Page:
Cytoreductive nephrectomy (CN) without targeted therapy (TT) for metastatic renal cell carcinoma is associated with better survival compared with CN plus targeted therapy, according to “real-world” data presented at the Canadian Urological Association’s 74th Annual Meeting in Quebec City. TT alone is associated with increased risk of death.
Using the Canadian Kidney Cancer information system database, a team led by Lori A. Wood, MD, of Queen Elizabeth II Health Sciences Centre in Halifax, Nova Scotia, identified 813 patients diagnosed with metastatic renal cell carcinoma after January 2011. They stratified patients into 4 groups based on their treatment: CN without TT (202 patients), CN followed by TT (383 patients), TT followed by CN (78 patients), and TT alone (150 patients).
The median time between CN and TT initiation and between TT initiation and CN was 3 and 5 months, respectively, with a median TT duration of 5 and 7 months, respectively.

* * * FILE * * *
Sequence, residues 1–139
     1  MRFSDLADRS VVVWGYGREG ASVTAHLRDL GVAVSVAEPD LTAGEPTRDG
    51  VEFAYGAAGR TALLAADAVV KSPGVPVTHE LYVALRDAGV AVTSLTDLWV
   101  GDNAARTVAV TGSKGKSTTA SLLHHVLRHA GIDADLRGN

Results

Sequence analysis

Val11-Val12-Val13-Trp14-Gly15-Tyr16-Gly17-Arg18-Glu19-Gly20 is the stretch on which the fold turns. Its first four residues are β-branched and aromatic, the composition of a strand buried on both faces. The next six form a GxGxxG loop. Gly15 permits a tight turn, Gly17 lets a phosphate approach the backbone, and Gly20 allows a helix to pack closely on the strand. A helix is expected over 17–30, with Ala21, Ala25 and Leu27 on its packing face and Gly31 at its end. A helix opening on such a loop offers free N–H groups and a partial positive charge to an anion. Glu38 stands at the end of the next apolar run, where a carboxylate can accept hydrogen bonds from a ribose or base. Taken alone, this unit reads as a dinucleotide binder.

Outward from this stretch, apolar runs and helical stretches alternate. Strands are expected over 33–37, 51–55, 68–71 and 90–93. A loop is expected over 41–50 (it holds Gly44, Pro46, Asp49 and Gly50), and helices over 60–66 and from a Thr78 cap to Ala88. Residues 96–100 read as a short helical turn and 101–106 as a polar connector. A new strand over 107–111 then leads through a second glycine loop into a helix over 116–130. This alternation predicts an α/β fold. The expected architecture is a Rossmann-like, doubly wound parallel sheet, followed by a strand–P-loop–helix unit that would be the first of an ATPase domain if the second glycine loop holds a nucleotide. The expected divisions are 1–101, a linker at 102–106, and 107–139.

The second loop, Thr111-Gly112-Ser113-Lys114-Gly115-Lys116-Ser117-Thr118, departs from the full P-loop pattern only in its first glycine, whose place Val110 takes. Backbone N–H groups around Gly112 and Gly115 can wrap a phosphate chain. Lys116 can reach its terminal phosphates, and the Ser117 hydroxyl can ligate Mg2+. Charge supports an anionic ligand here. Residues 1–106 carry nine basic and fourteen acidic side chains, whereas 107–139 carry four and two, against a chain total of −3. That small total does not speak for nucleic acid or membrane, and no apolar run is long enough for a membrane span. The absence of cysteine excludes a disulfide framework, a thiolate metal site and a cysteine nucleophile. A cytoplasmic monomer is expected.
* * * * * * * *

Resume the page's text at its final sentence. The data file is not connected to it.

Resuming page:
The median overall survival for patients undergoing CN without TT, CN with TT, and TT alone was not reached, 37 months, and 13 months, respectively.
Compared with patients in the CN before and after TT group, CN without TT was associated with a significant 43% decreased risk of death, whereas targeted therapy alone was associated with a significant 2.1 times increased risk of death.
Undergoing metastasectomy and clear-cell histology were associated with 49% and 31% decreased risk of death, respectively.
Dragomir A, Nazha S, Tanguay S, et al. Outcomes of cytoreductive (CN) in metastatic renal cell carcinoma (mRCC) patients using real-world data from Canadian hospital centres. Presented at the Canadian Urological Association 74th Annual Meeting in Quebec City. Poster MP-9.10.
This article originally appeared on Renal and Urology News